One to one maths interventions built for KS4 success

Weekly online one to one GCSE maths revision lessons now available

In order to access this I need to be confident with:

Substitution Coordinates maths Straight line graphs Powers and rootsThis topic is relevant for:

Here we will learn about **exponential graphs**, including recognising, sketching, plotting and interpreting exponential graphs.

There are also exponential graphs worksheets based on Edexcel, AQA and OCR exam questions, along with further guidance on where to go next if you’re still stuck.

An** exponential graph** is a representation of an exponential function of the form

\[y=k^x\]

Where **exponent **and **base**.

The **any non-zero number raised to the power 0 is 1**.

The **asymptote **to the curve.

The curve gets very close to the horizontal asymptote but does not touch it. This is because

The graph of an exponential function can represent either **exponential growth** or **exponential decay**:

- When
k is**greater than**it is a1 **growth**curve. Asx increases, so doesy .

It can be used to represent population growth or compound interest.

E.g.

\[y=2^x\]

- When
k is**less than**it is a1 **decay**curve. Asx increases,y decreases.

It can be used to represent radioactive decay.

E.g.

\[y=(\frac{1}{2})^x\]

There are more complex exponential functions of the form:

\[y=ab^x\]

The graphs look similar to the ones above, they have an exponent

E.g.

\[y=4\times 3^x\]

Exponential graphs can represent two types of problems, growth and decay. They involve real-life situations.

**Growth problems** are when the amount increases over time. An example is how a population increases over time.

**Decay problems** are when the amount decreases over time. An example is the amount of radiation from a radioactive substance over time.

In order to recognise an exponential graph:

**Identify linear or quadratic or any other functions****Identify the exponential function****Identify your final answer**

Get your free exponential graph worksheet of 20+ types of graphs questions and answers. Includes reasoning and applied questions.

DOWNLOAD FREEGet your free exponential graph worksheet of 20+ types of graphs questions and answers. Includes reasoning and applied questions.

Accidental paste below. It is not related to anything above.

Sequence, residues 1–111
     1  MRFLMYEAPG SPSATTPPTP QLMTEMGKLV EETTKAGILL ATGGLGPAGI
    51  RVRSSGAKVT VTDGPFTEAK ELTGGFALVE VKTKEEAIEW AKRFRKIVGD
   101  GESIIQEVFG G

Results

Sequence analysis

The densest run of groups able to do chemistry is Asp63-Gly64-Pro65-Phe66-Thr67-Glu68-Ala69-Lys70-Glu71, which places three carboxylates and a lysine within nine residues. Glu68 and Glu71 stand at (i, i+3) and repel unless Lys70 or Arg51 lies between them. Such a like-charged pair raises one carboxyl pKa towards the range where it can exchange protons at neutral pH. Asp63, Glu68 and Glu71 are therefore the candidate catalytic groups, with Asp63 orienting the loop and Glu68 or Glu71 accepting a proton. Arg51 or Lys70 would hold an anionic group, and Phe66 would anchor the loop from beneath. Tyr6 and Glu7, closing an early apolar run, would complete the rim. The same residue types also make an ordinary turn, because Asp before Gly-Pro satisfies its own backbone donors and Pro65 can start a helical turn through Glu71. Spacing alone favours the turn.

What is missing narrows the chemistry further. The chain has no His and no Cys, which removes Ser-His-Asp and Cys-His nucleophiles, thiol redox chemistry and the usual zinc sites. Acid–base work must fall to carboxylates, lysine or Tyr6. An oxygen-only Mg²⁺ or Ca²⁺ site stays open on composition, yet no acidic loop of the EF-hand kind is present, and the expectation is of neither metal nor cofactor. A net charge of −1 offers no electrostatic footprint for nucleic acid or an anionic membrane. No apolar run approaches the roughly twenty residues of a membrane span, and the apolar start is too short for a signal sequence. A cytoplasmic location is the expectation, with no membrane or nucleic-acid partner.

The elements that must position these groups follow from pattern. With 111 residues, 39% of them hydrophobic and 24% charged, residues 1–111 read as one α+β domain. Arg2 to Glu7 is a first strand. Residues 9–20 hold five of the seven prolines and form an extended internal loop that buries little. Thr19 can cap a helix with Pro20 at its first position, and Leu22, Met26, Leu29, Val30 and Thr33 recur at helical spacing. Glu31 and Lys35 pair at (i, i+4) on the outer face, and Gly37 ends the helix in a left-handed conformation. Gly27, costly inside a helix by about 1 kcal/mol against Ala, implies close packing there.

DOWNLOAD FREE**Exponential graph** is part of our series of lessons to support revision on **types of graphs**. You may find it helpful to start with the main types of graphs lesson for a summary of what to expect, or use the step by step guides below for further detail on individual topics. Other lessons in this series include:

Which is the correct equation for the graph?

\[y=x^2+3 \quad \quad \quad y=3x+1 \quad \quad \quad y=\frac{3}{x} \quad \quad \quad y=3^x\]

**Identify linear or quadratic or any other functions**

y=x^2+3 is a quadratic function; its graph would be a parabola.

y=3x+1 is a linear function; its graph would be a straight line.

y=\frac{3}{x} is a reciprocal function; its graph would be a hyperbola.

2**Identify the exponential function**

y=3^x is an exponential function.

It has

So the graph would be a growth curve.

3**Identify your final answer**

The correct equation for the graph is y=3^x

Which is the correct equation for the graph?

\[y=1-3x\quad\quad\quad y=x^2-3 \quad\quad\quad y=(\frac{1}{3})^x \quad\quad\quad y=x^{3}
\]

**Identify linear or quadratic or any other functions**

y=1-3x is a linear function; its graph would be a straight line.

y=x^2-3 is a quadratic function; its graph would be a parabola.

y=x^3 is a cubic function.

**Identify the exponential function**

y=(\frac{1}{3})^x is an exponential function.

It has

So the graph would be a decay curve.

**Identify your final answer**

The correct equation for the graph is y=(\frac{1}{3})^x

In order to plot an exponential graph:

**Complete the table of values****Plot the coordinates****Draw a smooth curve through the points**

Draw the curve of the equation for -1\leq{x}\leq3

y=2^x**Complete the table of values**

\[\begin{aligned}
&x \quad \quad \quad -1 \quad \quad \quad 0 \quad \quad \quad 1 \quad \quad \quad 2 \quad \quad \quad 3 \\\\
&y \quad \quad \quad \;\:0.5 \quad \quad \quad 1 \quad \quad \quad 2 \quad \quad \quad 4 \quad \quad \quad 8
\end{aligned}\]

**Plot the coordinates**

Draw an

**Draw a smooth curve through the points**

Draw the curve of the equation for -2\leq{x}\leq2

y=(\frac{1}{2})^x**Complete the table of values**

\[\begin{aligned}
&x \quad \quad \quad -2 \quad \quad \quad -1 \quad \quad \quad 0 \quad \quad \quad 1 \quad \quad \quad 2 \\\\
&y \quad \quad \quad \quad 4 \quad \quad \quad \quad \; 2 \quad \quad \quad \;1 \quad \quad \;\; 0.5 \quad \quad 0.25
\end{aligned}\]

**Plot the coordinates**

**Draw a smooth curve through the points**

In order to find the equation of an exponential graph:

**Substitute the pairs of values into the given equation****Solve the two simultaneous equations****Write down the equation of the exponential function**

The sketch shows a curve with equation y = ab^x where

Find the equation of the curve.

**Substitute the pairs of values into the given equation**